Demolition is back on track
The end is nearing for the two dams that span the Des Moines River in Fort Dodge
The end is nearing for the two dams that span the Des Moines River in Fort Dodge.
The City Council, which was thwarted last month when it planned to award contracts for the demolition of the Hydroelectric Dam and what’s commonly called the little dam, on Monday finally hired a company to do the work.
Rachel Contracting Inc., of St. Michael, Minnesota, will be paid $274,784 to remove the little dam and $1,186,302.86 to remove the Hydroelectric Dam.
The work should begin in February and could be finished in a couple of months, according to City Engineer Tony Trotter.
The upcoming demolition work will resolve decades of debate over the future of the dams. The council had finally resolved to press ahead with the demolition of the dams and was ready to award contracts to do so during its Dec. 10, 2018, meeting. However, at about 4:30 p.m. that day, a representative of the U.S. Army Corps of Engineers called a consulting engineer working for the city and informed him that permits for removing the dams would not be awarded because the State Historic Preservation Office had concerns about the proposal.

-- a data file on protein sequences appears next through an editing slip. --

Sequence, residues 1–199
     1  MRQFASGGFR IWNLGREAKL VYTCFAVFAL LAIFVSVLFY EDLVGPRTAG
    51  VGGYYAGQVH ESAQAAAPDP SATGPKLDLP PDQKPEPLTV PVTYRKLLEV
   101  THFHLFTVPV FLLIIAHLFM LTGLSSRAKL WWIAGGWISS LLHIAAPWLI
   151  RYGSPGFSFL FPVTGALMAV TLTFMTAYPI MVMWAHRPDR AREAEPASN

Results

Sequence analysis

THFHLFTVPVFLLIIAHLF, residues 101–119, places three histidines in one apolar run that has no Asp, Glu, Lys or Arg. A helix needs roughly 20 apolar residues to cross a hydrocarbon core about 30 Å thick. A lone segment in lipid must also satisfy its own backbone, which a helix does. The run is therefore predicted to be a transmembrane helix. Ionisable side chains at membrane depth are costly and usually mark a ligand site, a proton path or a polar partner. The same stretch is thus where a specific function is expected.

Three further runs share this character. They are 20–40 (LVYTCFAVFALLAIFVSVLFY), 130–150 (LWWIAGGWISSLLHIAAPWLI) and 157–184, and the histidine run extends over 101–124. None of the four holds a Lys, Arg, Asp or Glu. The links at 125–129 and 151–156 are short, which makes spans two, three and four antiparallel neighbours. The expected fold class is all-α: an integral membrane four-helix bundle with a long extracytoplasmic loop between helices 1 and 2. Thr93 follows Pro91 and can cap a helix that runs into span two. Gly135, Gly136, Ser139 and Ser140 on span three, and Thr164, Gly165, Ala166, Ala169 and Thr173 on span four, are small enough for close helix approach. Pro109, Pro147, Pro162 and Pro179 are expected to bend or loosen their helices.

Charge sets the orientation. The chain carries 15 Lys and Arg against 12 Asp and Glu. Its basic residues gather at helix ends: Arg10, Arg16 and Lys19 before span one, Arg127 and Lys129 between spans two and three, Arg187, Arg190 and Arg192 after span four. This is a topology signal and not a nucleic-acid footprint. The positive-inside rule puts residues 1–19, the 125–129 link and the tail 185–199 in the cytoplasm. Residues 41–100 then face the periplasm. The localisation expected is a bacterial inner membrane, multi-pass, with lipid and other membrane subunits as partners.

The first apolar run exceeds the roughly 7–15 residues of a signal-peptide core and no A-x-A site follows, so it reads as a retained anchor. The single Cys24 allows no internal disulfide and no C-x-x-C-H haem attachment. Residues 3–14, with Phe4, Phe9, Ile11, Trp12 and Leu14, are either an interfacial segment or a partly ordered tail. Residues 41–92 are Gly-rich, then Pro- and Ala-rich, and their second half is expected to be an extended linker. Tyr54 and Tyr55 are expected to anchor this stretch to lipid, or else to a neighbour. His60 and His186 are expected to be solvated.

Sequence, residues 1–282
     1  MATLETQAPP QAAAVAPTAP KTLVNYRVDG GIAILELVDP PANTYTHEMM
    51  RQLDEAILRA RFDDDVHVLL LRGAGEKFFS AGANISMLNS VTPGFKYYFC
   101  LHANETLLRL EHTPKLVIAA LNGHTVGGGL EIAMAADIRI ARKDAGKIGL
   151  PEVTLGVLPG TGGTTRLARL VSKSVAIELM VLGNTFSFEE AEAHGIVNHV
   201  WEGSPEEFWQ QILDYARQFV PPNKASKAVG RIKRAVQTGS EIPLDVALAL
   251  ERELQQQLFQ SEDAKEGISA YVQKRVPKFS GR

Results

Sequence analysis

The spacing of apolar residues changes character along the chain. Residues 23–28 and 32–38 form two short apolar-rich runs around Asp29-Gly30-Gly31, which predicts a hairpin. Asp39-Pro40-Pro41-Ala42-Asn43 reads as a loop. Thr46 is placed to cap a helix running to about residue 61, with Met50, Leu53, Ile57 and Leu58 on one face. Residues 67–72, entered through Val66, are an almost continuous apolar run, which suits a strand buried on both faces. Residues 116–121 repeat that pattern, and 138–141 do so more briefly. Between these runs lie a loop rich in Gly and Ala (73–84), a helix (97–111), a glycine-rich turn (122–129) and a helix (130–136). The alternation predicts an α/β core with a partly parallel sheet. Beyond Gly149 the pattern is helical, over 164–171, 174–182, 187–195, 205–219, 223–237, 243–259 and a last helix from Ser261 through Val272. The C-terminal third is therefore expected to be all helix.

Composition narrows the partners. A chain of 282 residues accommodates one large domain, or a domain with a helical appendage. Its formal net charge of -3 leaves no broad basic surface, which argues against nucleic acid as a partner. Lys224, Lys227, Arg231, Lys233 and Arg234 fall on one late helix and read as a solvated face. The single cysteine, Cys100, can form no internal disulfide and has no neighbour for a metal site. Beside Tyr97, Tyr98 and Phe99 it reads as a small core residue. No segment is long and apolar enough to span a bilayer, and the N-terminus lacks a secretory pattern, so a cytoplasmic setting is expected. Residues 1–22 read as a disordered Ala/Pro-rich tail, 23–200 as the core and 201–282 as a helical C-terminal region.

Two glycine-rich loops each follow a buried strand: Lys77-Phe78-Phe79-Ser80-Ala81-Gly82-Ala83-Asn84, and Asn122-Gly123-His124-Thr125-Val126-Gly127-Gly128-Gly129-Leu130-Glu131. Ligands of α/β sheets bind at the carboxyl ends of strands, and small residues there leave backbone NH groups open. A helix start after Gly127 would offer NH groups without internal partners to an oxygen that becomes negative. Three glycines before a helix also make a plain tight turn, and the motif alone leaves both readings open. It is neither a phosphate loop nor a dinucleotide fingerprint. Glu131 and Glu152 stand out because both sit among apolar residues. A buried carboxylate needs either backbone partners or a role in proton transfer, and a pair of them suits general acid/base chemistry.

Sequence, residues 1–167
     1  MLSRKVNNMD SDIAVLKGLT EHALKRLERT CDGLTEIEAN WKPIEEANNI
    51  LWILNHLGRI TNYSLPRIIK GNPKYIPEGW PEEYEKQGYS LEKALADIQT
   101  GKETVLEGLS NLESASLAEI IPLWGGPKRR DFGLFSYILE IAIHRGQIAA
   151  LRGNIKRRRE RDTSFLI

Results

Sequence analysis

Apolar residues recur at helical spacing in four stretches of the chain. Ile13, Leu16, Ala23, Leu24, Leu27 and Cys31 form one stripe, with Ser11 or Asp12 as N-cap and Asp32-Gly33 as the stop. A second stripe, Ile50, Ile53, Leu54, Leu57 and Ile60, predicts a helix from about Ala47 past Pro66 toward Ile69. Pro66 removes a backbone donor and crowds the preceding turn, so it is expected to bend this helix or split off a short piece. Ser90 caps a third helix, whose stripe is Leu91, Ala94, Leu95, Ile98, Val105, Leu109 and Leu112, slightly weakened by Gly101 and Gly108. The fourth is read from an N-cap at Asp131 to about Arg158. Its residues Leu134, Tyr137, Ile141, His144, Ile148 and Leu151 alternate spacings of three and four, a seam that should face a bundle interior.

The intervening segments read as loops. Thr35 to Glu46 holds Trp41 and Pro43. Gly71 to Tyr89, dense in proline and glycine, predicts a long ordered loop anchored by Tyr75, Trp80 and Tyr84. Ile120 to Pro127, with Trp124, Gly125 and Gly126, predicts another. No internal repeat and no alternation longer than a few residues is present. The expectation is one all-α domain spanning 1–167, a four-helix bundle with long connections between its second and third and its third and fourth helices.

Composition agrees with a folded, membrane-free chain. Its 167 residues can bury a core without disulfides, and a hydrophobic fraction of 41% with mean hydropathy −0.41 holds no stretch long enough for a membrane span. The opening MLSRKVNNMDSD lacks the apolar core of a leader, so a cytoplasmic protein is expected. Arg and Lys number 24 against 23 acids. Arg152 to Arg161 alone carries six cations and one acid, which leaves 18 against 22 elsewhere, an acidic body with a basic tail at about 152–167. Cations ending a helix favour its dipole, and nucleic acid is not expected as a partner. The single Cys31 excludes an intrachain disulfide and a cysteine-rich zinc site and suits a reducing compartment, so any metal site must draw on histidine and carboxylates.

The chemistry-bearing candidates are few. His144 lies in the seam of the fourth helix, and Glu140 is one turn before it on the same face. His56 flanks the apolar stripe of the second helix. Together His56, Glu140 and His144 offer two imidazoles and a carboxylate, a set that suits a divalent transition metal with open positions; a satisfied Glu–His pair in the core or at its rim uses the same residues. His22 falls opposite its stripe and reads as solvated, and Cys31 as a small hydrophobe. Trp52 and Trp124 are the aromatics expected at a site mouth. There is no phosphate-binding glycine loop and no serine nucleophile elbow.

City officials subsequently met with the Army Corps of Engineers and the State Historic Preservation Office to resolve those concerns.
One result of those talks is that city officials agreed to leave in place the framework of one gate of the Hydroelectric Dam, Trotter said.
“All permitting has been resolved,” Nicole Church, an environmental specialist with Snyder & Associates, of Ankeny, told the council Monday.
Church said the dams are being removed for safety and environmental reasons.
“Dams are known as drowning machines,” she said.
She added that dams prevent fish from moving up and down stream. She said the state Department of Natural Resources did a study of the Des Moines River in about 2013 that revealed that fish species found downstream of the Hydroelectric Dam are not found upstream of it.
There is also an accumulation of sediment behind the Hydroelectric Dam, according to Church.
She said the DNR wants unused dams to be removed.
In response to a question from Councilman Dean Hill, Church said some structures like jetties are being designed to be built in the river, especially near the little dam, to improve fishing.
Other bidders for the little dam demolition job were Rasch Construction Inc., Fort Dodge, $440,817; Firstmark Construction, Bozeman, Montana, $483,609.60; Richards Construction, Sac City, $490,900.60; Crow River Construction, New London, Minnesota, $560,200; Engineering & Construction Innovation, Oakdale, Minnesota, $744,945; and Peterson Contractors Inc., Reinbeck, $810,162.60.
Other bidders for the Hydroelectric Dam removal were Firstmark Construction, $1,615,300; Crow River Construction, $1,661,371; Newt Marine Service, Dubuque, $1,698,116; and Peterson Contractors Inc., $1,898,374.50.